Tag Archives: simplejson

I was a bit hesitant to post this script since it is such a powerful marketing tool that it could be used very badly in the hands of a spammer. The basic premise is to directly respond to someone’s tweet if they mention your product or service. So for example I might want to have a tweet that goes out directly to someone who mentions twitter and python in a tweet and let them know about this blog. This will accomplish the same thing as the TwitterHawk service except you won’t have to pay per tweet.

To do this I had a choice. I could use a service like TweetBeep.com and then write a script that responded to the emails in my inbox, or I could use the Twitter Search API directly. The search API is so dead simple that I wanted to try that route.

The other thing to consider is that I don’t want to send a tweet to the same person more than once so I need to keep a list of twitter users that I have responded to. I used pickle to persist that list of usernames to disk so that it sticks around between uses.

The query functionality provided by the Twitter Search API is pretty cool and provides much more power than I have used in this script. For example it is possible to geo-target, lookup hashtags, or reply tweets. You can check out the full spec at http://apiwiki.twitter.com/Twitter-API-Documentation

Lastly, to keep it a bit simpler I’m ignoring the pagination in the search results and this script will only respond to the first page worth of results. Adding a loop per page would be pretty straight forward but I didn’t want to clutter up the code.

Example Usage:

>>> import tweetBack
>>> tweetBack.tweet_back('python twitter', 'Here is a blog with some good Python scripts you might find interesting http://halotis.com', 'twitter_username', 'twitter_password')
@nooble sent message
@ichiro_j sent message
@Ghabrie1 sent message
.....

Here’s the Python Code:

#!/usr/bin/env python
# -*- coding: utf-8 -*-
# (C) 2009 HalOtis Marketing
# written by Matt Warren
# http://halotis.com/
 
try:
   import json as simplejson
except:
   import simplejson  # http://undefined.org/python/#simplejson
import twitter     #http://code.google.com/p/python-twitter/
 
import urllib
import pickle
 
TWITTER_USER = 'username'
TWITTER_PASSWORD = 'password'
 
USER_LIST_FILE = 'tweetback.pck'
 
#read stored list of twitter users that have been responded to already in a file
try:
    f = open(USER_LIST_FILE, 'r')
    user_list = pickle.load(f)
except:
    user_list = []
 
def search_results(query):
    url = 'http://search.twitter.com/search.json?q=' + '+'.join(query.split())
    return simplejson.load(urllib.urlopen(url))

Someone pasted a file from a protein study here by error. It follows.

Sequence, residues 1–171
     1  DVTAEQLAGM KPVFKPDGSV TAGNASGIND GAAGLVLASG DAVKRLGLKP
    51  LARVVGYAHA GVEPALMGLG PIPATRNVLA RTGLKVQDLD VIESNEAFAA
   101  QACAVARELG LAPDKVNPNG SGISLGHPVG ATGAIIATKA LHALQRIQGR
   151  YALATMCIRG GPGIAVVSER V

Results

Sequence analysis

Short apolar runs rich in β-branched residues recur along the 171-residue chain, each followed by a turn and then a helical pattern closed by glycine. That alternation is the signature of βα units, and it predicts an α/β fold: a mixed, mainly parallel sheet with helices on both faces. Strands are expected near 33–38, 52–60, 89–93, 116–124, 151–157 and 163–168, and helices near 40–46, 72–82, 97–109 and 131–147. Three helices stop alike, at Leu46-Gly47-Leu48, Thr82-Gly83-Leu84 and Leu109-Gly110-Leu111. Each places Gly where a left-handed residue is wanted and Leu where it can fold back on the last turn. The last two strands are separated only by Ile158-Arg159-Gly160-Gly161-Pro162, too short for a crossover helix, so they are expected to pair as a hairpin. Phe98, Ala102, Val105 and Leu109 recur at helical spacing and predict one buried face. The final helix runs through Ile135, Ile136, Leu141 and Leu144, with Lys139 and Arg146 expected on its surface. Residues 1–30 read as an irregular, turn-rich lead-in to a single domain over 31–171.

def tweet_back(query, tweet_reply, username=TWITTER_USER, password=TWITTER_PASSWORD):
    results = search_results(query)
 
    api = twitter.Api(username, password)
    try:
        for result in results['results']:
            if result['from_user'] not in user_list:
                api.PostUpdate('@' + result['from_user'] + ' ' + tweet_reply)
                print '@' + result['from_user'] + ' sent message'
 
                user_list.append(result['from_user'])
    except:
        print 'Failed to post update. may have gone over the twitter API limit.. please wait and try again'
 
    #write the user_list to disk
    f = open(USER_LIST_FILE, 'w')
    pickle.dump(user_list, f)
 
if __name__=='__main__':
    tweet_back('python twitter', 'Here is a blog with some good Python scripts you might find interesting http://halotis.com')

Update: thanks tante for the simplejson note.

I noticed that several accounts are spamming the twitter trends. Go to twitter.com and select one of the trends in the right column. You’ll undoubtedly see some tweets that are blatantly inserting words from the trending topics list into unrelated ads.

I was curious just how easy it would be to get the trending topics to target them with tweets. Turns out it is amazingly simple and shows off some of the beauty of Python.

This script doesn’t actually do anything with the trend information. It just simply downloads and prints out the list. But combine this code with the sample code from
RSS Twitter Bot in Python and you’ll have a recipe for some seriously powerful promotion.

import simplejson  # http://undefined.org/python/#simplejson
import urllib
 
result = simplejson.load(urllib.urlopen('http://search.twitter.com/trends.json'))
 
print [trend['name'] for trend in result['trends']]